At Saint Joseph’s University in Philadelphia, PA, undergraduate students studying Communications must complete the course COM 200 – Theory and Practice of Communications. This course primarily focuses on content production and the fundamentals of good writing. In other words, creating original content that engages readers. This is accomplished through the use of Hawk cHill, an online student magazine at Saint Joseph’s University. Each week, groups of students enrolled in COM 200 publish articles on a variety of topics within the categories of Taste, School, People, Self, and Study Break.
Listed below are samples of my work from my time in the course.
1) How I Changed the Way I Break
This article outlines how students can make the most of their holiday break by engaging in productive activities such as exercising, coloring, and keeping a journal.
My contribution to this post centered around developing a cohesive voice. I edited the article to maintain a consistent tone throughout each section, and reworked certain areas to enhance clarity. Note how the introduction sets up the rest of the article by broadly introducing the topic, and then transitioning into each specific section. Each section also includes hyperlinks that direct the reader to additional content outside the article that complements the information found in the post. This allows the reader to get more information if he/she is interested without making the article itself too long. I also set the cover photo for our post, which helps reinforce our topic and supports the visual component of the post. Additionally, I included a subheading to give readers a better idea of what our article is about from the very beginning. Moreover, I created all of the content for the Coloring Books section, which includes the photograph and write-up. The photograph uses Bokeh (blurring of the background) to create depth and direct attention to the subject in the foreground – all of which create a more compelling image. I also supplied the images for the Movies and Road Trip section.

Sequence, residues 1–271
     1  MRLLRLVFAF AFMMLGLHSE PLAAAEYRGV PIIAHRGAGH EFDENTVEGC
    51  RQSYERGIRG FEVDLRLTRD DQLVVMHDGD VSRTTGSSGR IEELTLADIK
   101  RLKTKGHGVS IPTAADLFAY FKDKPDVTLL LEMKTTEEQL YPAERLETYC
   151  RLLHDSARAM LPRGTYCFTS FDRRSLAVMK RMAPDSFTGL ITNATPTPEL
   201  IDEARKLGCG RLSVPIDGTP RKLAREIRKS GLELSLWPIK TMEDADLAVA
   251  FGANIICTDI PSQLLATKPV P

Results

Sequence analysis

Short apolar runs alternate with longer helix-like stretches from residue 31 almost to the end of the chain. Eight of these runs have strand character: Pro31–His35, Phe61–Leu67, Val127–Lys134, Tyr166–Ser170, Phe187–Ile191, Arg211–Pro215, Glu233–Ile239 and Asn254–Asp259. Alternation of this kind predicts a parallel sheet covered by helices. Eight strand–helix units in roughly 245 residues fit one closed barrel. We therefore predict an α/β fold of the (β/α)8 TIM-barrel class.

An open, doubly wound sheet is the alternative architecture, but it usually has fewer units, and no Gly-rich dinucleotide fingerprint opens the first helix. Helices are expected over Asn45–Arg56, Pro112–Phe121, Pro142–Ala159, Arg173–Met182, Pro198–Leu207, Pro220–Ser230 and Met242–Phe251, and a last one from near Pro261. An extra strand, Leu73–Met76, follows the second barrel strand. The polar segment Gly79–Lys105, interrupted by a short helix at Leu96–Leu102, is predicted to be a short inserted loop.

2) Major Horror Stories
This article chronicles students’ most embarrassing stories involving their major. Read about the struggles of a future teacher, biologist, and accountant – among others.
My contribution to this post was more writing intensive. I set up the piece by writing the introduction, which acknowledges the common practice of college students telling one another just how hard their major is, and how easy others must have it. This idea is further explained by a nod to the popular crime drama Law and Order. While this gets readers’ attention, it’s also an effective way to begin the piece. I wrote the accounting horror story based on an interview with a friend who is an accounting major. This involved setting up a time to meet in person, giving him the prompt, and recording his answer so I could get the story just right for the article. I also implemented all of the hyperlinks in the post to direct readers to additional content outside the article. I designed the “Major Horror Stories” graphic that serves as our cover photo, and makes an appearance after the introduction. This is a play on words referring to the title of American Horror Story, and aims to draw in readers by alluding to something they likely recognize. At the end of the article, I wrap things up with a brief conclusion that underscores the message of the post: every major has its challenges, and we all have a story to tell. Finally, similar to my contribution in the previous article, I went through the post and revised certain areas of the post to make things more concise and improve clarity.
3) Ravioli Ravioli, We Have the Formuoli
Ever wanted to try the iconic Krabby Patty? We got the recipe and recorded student reactions as they try the best burger in town.
My contribution to this post is wide-ranging. For this post, I primarily focused on creating supporting content. For example, in order to decide which TV show food our group should make, I conducted a Twitter poll that received over 400 responses. After analyzing our results, it was clear that the Krabby Patty was our winner. With this knowledge, I went out and bought the necessary ingredients to prepare our meal. Keeping true to form, the construction of our burger included “a patty on a bun with lettuce, cheese, onions, tomatoes, ketchup, mustard, pickles, and top bun together in that order.” After preparing the Krabby Patty, I took a picture for our cover photo, then shot the content for our group’s “SJU Students Try Krabby Patties” video. This included finding students to participate in the video, arranging proper lighting, and taking video from multiple angles to change perspective and keep things interesting. I also implemented the SpongeBob gif in the middle of our post, which supports the overall the theme of our post. Moving on to text-based content, I wrote the article in a style that leads up to the video. In other words, while text is present, it’s written in such a way that builds to the video and complements the students’ reactions, highlighting key responses. The subheading is a reference to the show’s first episode in which SpongeBob learns how to properly prepare the Krabby Patty. The heading “How’s this for a ‘TV Dinner'” is a play on words since the meal is actually based on that of a TV show. I also formatted certain text in italics and bold to draw the reader’s attention to specific aspects of our post, and added the block quote in red to highlight the reaction of one of our taste testers.